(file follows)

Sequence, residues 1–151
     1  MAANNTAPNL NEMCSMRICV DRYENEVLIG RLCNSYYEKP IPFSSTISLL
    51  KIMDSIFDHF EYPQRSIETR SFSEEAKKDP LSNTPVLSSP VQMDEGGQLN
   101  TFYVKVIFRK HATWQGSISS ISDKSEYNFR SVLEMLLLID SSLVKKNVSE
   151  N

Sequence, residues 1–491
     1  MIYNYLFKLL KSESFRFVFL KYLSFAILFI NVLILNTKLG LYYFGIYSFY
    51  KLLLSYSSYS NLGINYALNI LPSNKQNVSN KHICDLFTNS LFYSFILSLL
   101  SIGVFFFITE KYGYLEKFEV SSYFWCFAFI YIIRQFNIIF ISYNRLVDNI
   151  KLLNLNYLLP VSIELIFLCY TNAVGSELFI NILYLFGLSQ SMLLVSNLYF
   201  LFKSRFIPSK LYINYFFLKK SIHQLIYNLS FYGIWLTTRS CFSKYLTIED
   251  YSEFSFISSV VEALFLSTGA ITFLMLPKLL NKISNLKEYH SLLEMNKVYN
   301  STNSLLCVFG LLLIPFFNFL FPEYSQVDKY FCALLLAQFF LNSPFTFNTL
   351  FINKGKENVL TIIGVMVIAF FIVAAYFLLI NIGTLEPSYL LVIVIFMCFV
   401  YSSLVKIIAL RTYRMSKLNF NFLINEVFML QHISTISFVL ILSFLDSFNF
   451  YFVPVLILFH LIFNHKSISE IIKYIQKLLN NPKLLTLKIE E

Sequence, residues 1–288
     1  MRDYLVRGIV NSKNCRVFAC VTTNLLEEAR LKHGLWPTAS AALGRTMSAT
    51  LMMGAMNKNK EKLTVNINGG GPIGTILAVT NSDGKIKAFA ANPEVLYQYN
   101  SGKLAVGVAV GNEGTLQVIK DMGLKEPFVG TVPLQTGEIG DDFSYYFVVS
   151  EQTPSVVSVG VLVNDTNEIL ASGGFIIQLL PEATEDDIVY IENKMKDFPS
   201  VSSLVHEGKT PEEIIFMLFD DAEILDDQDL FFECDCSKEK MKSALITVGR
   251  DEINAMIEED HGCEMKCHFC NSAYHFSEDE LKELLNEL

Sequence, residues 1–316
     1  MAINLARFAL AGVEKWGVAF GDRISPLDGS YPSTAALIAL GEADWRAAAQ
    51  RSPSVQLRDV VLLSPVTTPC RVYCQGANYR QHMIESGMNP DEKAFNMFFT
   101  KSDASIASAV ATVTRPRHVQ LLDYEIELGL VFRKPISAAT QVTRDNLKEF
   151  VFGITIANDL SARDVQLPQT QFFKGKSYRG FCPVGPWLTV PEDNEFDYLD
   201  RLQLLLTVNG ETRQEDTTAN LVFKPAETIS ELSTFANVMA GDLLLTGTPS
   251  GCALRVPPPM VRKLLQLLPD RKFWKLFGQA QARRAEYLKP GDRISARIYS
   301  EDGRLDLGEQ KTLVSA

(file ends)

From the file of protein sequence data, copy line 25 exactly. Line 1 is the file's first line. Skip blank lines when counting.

     1  MAINLARFAL AGVEKWGVAF GDRISPLDGS YPSTAALIAL GEADWRAAAQ